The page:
18 September 2007

Home is where the hurt is

Two aspects of last night's Thinking through my fingers prompt me to reply: one on eye and camera, and one on perceived freedom or lack of it. On the first I'll muse for a while and write something later; the first I'll pursue now, since my response is a fairly short one.

I take it as a given, personally, that life is increasingly (and too much) surveyed, that personal freedom is increasingly (and too much) constrained, that the so called "war on terror" is just the latest excuse for both rather than in any way a reason for them. There more than an analogy, here, with the constraining of childhood exploration (physical and mental) which I deplored a few days ago.

It's interesting, though, that on both Anglophone sides of the Atlantic, people tend to feel that things are worse across the water.

Chris Bertram, author of the Crooked Timber piece which made Jim think, is actually a fellow Briton (in fact, he's literally just up the road from me) but, in general, putting him aside, ask a Briton and you'll generally find a broad perception that things are worse in the US while if you ask a USAmerican you'll get the view that things are worse in Britain.

I'm not immune to this. Ask me when I have my academic head on, and I'll reply that things are different in the US and UK, but that if you average out those differences there is not a lot to choose, overall, between the two. At a gut level, though, I feel that while things are bad and deteriorating here, they are worse over there.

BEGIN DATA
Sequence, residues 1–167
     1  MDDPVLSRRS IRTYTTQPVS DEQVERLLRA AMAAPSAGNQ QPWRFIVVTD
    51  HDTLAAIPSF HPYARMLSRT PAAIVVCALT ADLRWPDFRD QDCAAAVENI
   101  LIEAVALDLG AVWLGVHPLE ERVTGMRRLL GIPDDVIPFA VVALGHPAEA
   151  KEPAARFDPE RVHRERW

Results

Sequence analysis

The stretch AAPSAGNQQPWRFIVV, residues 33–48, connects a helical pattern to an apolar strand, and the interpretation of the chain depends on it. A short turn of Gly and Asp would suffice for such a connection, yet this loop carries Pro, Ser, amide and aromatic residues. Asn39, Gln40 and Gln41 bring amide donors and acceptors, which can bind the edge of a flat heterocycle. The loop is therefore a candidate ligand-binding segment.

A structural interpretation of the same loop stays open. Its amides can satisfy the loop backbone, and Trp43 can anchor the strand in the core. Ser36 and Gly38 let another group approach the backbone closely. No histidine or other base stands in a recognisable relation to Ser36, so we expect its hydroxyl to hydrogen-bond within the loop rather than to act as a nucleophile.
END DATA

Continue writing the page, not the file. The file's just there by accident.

This tendency doesn't seem to change according to whether or not people actually travel in each other's countries.

At the very least, this is interesting as a psychology ... it seems that we not only have a tendency to prefer the devil we know to the devil we don't, but also a tendency to love it more, and more willingly forgive its faults. Which is worrying, since it is to the devil we know, not the devil we don't, that we will most likely fall victim if things go wrong.

Footnote: I don't know where the title of my last post, Home is where you hang your head, originated (I believe it may have been with Groucho Marx) but it is certainly not my own. For my use of it, I am personally indebted to a USAmerican actor, resident in London, who would probably prefer that I not name him here - you know who you are: thank you, I belatedly acknowledge the debt.

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